|The Chicago "Saturday Night Fire" of October 7, 1871.|
The Pittsburgh, Fort Wayne, and Chicago railroad tracks ran along the Chicago River, bordering the eastern edge of the west side. The National Elevator, presumably stocked with grain, was sandwiched between lumberyards, with the tracks on its west flank and the river on the east. Saloons, wooden tenements, and factories such as a paper box factory and a sash factory filled the rest of the space of this four city-block area.
The Chicago Steamer was wrapping up a small fire across the river when the call came for this new fire. Before the fire gained ground, they set up on the north end of the fire. As they were connecting the hose to the hydrant, the hose burst.
|The Chicago Steamer.|
The fire soon crossed Jackson Street and spread through the next block as well. The firemen then relocated the Chicago steamer to protect the National Elevator. A fire started up a few times, but they quickly extinguished it. The elevator was one of the only standing structures when the blaze was over.
The great number of spectators who came to watch the free entertainment also had their share of calamity. A roof of a shed collapsed at Clinton and Jackson under the weight of nearly 150 spectators. A raised sidewalk gave way, as well. Each incident doled out its share of injuries. And several volunteers who were fighting the fire at the lumberyards found themselves in the river when they got caught between flames. They threw planks into the river and jumped in after them, paddling them across to the other side of river.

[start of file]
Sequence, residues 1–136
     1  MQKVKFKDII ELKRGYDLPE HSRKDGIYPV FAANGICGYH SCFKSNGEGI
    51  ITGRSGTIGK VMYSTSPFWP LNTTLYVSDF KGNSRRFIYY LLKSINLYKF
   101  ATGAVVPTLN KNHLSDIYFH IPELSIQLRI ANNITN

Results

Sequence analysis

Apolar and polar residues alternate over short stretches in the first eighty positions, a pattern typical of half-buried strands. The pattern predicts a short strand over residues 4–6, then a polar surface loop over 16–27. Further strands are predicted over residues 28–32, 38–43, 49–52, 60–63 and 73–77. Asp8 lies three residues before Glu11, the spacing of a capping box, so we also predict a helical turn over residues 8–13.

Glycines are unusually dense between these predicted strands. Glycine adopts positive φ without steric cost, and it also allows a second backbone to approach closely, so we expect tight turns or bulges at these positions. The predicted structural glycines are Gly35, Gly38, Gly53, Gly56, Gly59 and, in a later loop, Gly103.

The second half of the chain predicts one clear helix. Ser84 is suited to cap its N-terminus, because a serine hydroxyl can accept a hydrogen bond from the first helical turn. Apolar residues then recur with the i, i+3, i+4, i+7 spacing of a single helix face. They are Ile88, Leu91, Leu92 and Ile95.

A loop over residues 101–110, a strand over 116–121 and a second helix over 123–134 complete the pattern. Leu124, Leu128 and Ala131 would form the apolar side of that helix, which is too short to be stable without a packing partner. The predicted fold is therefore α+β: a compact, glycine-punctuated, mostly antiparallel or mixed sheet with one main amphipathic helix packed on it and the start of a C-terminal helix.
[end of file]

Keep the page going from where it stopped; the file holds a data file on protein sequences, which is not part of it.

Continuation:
Some other volunteers came in quite handy as the fire was trying to spread north across Adams Street. Quirks saloon, on the northwest corner of Adams and Canal, started smoking. A number of men from the insurance patrol were in the area (perhaps enjoying Quirk’s generosity as he was giving away his stock of liquor and cigars). They were ready with portable extinguishers and kept the walls wet when they started to smoke. This action helped keep the fire at bay. Another set of volunteers were tearing down sheds and fences along the train track when a small hut on the corner across from Quirks caught. They ran in and brought out a terrified old woman who was caught inside. She lost her home, but her life was safe.
The fire raged for many hours. It was under control by 3:30 in the morning. And the last of the fire engines left the scene around 4 pm, Sunday afternoon. The Chicago steamer was one of them.
After seventeen hours of fighting Chicago’s worst fire to date, the fire department was hurting. Hoses took a beating, coal was running low, the William James steamer was badly damaged and deemed unusable. The Clybourne hose cart was lost and the 190, or so, firemen who worked it were exhausted, suffering from smoke poisoning, swollen eyes, dehydration, and burns.
Yet, the fire department was seen as the heroes of the event as historian A. T. Andreas captures, “It was not an accident, nor extraneous influence that checked the fire here, but calm deliberate, intelligent heroism; and to those heroes Chicago owes eternal gratitude.”
In less than five hours from the time the last engine left the burned district, a new fire started mere blocks away in a little wooden barn that would indeed spread across the city.
Compiled by Neil Gale, Ph.D.